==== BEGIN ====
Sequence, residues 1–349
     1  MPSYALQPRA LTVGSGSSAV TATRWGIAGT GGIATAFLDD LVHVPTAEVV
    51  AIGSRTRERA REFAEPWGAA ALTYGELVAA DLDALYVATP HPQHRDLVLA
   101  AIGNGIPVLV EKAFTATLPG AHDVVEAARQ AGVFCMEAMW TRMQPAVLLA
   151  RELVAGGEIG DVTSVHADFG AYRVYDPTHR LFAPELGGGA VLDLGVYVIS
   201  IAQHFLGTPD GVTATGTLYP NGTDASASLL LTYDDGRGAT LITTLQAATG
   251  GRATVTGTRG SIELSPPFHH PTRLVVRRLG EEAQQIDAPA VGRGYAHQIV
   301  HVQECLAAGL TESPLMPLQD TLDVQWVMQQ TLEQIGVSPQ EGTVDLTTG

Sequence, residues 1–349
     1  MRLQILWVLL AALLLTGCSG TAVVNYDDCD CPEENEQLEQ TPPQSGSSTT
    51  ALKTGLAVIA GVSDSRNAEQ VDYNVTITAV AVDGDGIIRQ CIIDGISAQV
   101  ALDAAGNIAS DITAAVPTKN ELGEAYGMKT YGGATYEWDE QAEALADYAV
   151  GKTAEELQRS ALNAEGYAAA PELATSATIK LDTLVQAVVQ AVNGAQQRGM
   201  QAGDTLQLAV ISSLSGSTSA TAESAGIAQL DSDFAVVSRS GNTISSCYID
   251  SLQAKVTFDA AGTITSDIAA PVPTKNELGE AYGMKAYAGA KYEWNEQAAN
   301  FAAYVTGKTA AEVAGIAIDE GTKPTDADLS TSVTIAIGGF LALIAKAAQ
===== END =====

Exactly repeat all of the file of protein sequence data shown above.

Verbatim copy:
Sequence, residues 1–349
     1  MPSYALQPRA LTVGSGSSAV TATRWGIAGT GGIATAFLDD LVHVPTAEVV
    51  AIGSRTRERA REFAEPWGAA ALTYGELVAA DLDALYVATP HPQHRDLVLA
   101  AIGNGIPVLV EKAFTATLPG AHDVVEAARQ AGVFCMEAMW TRMQPAVLLA
   151  RELVAGGEIG DVTSVHADFG AYRVYDPTHR LFAPELGGGA VLDLGVYVIS
   201  IAQHFLGTPD GVTATGTLYP NGTDASASLL LTYDDGRGAT LITTLQAATG
   251  GRATVTGTRG SIELSPPFHH PTRLVVRRLG EEAQQIDAPA VGRGYAHQIV
   301  HVQECLAAGL TESPLMPLQD TLDVQWVMQQ TLEQIGVSPQ EGTVDLTTG

Sequence, residues 1–349
     1  MRLQILWVLL AALLLTGCSG TAVVNYDDCD CPEENEQLEQ TPPQSGSSTT
    51  ALKTGLAVIA GVSDSRNAEQ VDYNVTITAV AVDGDGIIRQ CIIDGISAQV
   101  ALDAAGNIAS DITAAVPTKN ELGEAYGMKT YGGATYEWDE QAEALADYAV
   151  GKTAEELQRS ALNAEGYAAA PELATSATIK LDTLVQAVVQ AVNGAQQRGM
   201  QAGDTLQLAV ISSLSGSTSA TAESAGIAQL DSDFAVVSRS GNTISSCYID
   251  SLQAKVTFDA AGTITSDIAA PVPTKNELGE AYGMKAYAGA KYEWNEQAAN
   301  FAAYVTGKTA AEVAGIAIDE GTKPTDADLS TSVTIAIGGF LALIAKAAQ